Tuesday, June 23, 2015

A Stable and Maintainable automation framework (use Protractor for non Angular-JS web application)



A good automation framework should be:

  • Easy to write
  • Easy to maintain
  • Fast 
  •  Stable

The current automation framework used for the system I am working on fails all those criteria, it is not easy to read and maintain – one UI element change requires full text search to fix all impacted code; it is so slow that it is scheduled to be run only once; it is not stable, the usual reaction to its failure is, “let us wait for another run.”

I set out to rewrite the automation framework using Protractor. Protractor was designed for testing AngularJS web applications, my application was not written in AngularJS, so it took me a lot of trouble to make it fast and stable. 

The resulting architecture is:

 

Test cases

The top layer is test cases, the focus of the test cases is readability: it is readable to an even non-technical person.  The reason to stress readability  is that the framework can be leveraged to write feature acceptance tests, a non-technical person (a product manager or a user) can read the test case and verify if it complies with the requirements.

My system is a ticket handling system, one test case reads like:


 

Domain objects

The middle layer is domain objects. Domain objects focus on troubleshooting.

Every domain method is about one business action. Some business actions are repeatable, for example, one can save a ticket multiple times; but some business actions are not repeatable, for example, after a ticket is assigned, it can’t be assigned to another person – it needs to be first unassigned.

The test case can fail at any business action, when it fails at one action, to troubleshoot what happens, you do not want to start all over again, you’d want to start from the failed business action. Because every business action is encapsulated into one method, you can comment out the previous successful methods, and start from the failed method.

Every business action works on a business object. Every method has two parameters; the first parameter is a map for defining properties of the business objects, the second parameter is a map for defining how to search for the business objects.

Domain objects work on the UI element, it locates UI elements through ID, name, xpath or text, and apply actions on them. The top layer of test cases does not know UI elements.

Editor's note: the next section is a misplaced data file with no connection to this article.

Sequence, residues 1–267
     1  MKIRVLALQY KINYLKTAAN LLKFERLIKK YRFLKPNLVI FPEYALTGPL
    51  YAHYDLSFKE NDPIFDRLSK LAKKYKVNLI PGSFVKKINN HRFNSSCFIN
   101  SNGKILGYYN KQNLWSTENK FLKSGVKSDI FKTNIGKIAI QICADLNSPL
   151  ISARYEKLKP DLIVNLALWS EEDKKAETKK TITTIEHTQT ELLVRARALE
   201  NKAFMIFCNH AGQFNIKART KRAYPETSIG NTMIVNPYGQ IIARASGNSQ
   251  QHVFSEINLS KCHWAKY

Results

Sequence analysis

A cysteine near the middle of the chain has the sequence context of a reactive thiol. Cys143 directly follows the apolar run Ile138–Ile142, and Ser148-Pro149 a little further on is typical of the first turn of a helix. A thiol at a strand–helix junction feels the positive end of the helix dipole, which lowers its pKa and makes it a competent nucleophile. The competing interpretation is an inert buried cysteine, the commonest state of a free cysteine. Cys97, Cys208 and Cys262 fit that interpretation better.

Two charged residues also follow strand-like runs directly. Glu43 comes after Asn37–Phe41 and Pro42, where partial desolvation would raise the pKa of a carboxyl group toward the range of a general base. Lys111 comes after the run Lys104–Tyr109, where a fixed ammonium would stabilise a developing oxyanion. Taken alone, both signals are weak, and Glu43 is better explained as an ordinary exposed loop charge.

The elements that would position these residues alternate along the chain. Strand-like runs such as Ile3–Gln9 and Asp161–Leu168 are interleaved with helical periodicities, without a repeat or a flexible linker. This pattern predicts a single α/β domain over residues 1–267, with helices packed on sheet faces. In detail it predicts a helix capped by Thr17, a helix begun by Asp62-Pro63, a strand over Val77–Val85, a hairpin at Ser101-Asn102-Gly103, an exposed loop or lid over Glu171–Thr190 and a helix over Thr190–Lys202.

To start from the failed business action, comment out the previous successful method, and for the fail method, add the second parameter to search for the business object:


Writing test cases is like assembling domain objects, over the time, the domain objects will be enriched to cover most functions, and writing test cases will be like assembling domain objects, easy and efficient.


 

Element Handler

The bottom layer is the messiest one: it handles UI elements.  For AngularJS application, Protrator has a mechanism to wait for the page to be loaded and settled down (so I heard, I’ve never tried Protractor on AngularJS applications),  but my application was not written in AngularJS, so I have to work out on my own way to test if a UI element is visible, is enabled or is clickable.

This layer has many methods to make handling UI element easy:

findByID
findByName
setTextByName
setTextByXPath
isElementByIdVisible
isElementByNameVisible
isElementByXPathVisible
isElementByXPathEnabled

You might wonder why I have methods for different locators (byID, byName, byXPath etc), why I didn’t make the automation framework more tolerant, and try to locate an element using different locators. Since UI element changes frequently, on one release, one UI element’s name is “ticketNum”, on the next release, its name changed and now its ID become “ticketNum”. If the framework first tries to locate by name, and then by id, then the code doesn’t have to be changed.
Apparently, this kind of change happens quite often,  so it tries to be tolerant. But the problem is that it slows down the test case. Take clicking a button for example, to make clicking stable, it has to go through these steps:

  1.   First locate element: by.Name(“”) (or by other locators)
  2.  Keep polling if the element is visible until it is visible or timeout
  3.  Keep polling if the element is enabled until it is visible or timeout
  4.   Click it
  5.   Catch errors throwing out from 4), and repeat clicking


If the framework first tries by name, it needs to go through the second step before it determines the element doesn't exist; then it will try by id. The time on the second step will be wasted. You might think such waste is ignorable in the name of making the framework more tolerant of UI changes, but little time here and there soon adds up, and soon no longer the time wasted is ignorable. Also my application is really clunky, it can fail for all kinds of reasons, so if it fails, I’d like it to fail fast.

The second reason is that all UI locating happens inside the domain objects, if UI locators change, it is easy to figure out what is impacted.

 

Test Case Gluer

There is a Global object used as the test case gluer. Some test cases are inter-dependent: the objects created by the previous test case is used in the following test cases. The Global object is used to store such objects.

The Global objects is also used to record test cases’ starting time. Every case’s beforeEach method will invoke util.initCase to record start time:


Util.prototype.initCase=function(){


    var caseName=replaceSpaceWithDash(jasmine.getEnv().currentSpec.description);

    global[caseName]=new moment();

    if(_.isUndefined(global.starTime)){

        global.starTime=global[caseName];